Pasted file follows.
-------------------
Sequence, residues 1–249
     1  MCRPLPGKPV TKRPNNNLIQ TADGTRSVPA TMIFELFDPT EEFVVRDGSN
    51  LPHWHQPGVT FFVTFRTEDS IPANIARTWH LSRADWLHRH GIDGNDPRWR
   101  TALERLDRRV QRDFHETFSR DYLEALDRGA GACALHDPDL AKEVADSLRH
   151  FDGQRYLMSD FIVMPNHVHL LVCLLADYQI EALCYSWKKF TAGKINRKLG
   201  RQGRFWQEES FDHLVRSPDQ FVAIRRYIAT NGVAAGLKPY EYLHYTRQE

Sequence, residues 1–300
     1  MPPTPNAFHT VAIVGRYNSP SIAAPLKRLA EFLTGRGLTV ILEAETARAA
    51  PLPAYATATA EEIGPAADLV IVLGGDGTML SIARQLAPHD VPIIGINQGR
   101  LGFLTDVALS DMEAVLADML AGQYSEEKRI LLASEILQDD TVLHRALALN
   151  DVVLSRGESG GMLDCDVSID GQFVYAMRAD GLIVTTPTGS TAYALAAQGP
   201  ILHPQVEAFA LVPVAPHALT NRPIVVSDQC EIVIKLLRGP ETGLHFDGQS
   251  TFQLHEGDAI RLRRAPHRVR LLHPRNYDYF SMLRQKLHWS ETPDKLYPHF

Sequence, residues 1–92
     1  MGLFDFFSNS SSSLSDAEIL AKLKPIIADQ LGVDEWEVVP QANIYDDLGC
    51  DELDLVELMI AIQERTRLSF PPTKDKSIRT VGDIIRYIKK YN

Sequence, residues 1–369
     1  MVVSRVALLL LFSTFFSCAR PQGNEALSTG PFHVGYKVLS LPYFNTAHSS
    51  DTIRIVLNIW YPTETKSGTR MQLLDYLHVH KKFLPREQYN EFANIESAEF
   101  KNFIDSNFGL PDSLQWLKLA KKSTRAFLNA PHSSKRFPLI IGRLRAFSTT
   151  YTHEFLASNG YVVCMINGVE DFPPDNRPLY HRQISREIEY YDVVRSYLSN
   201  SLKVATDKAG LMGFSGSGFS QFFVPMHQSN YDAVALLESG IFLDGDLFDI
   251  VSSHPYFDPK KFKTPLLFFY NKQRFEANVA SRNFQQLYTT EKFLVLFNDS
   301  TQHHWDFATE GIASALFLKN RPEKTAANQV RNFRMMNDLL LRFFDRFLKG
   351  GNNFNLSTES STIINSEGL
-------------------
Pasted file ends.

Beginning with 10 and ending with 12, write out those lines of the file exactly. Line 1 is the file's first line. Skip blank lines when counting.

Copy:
   101  LGFLTDVALS DMEAVLADML AGQYSEEKRI LLASEILQDD TVLHRALALN
   151  DVVLSRGESG GMLDCDVSID GQFVYAMRAD GLIVTTPTGS TAYALAAQGP
   201  ILHPQVEAFA LVPVAPHALT NRPIVVSDQC EIVIKLLRGP ETGLHFDGQS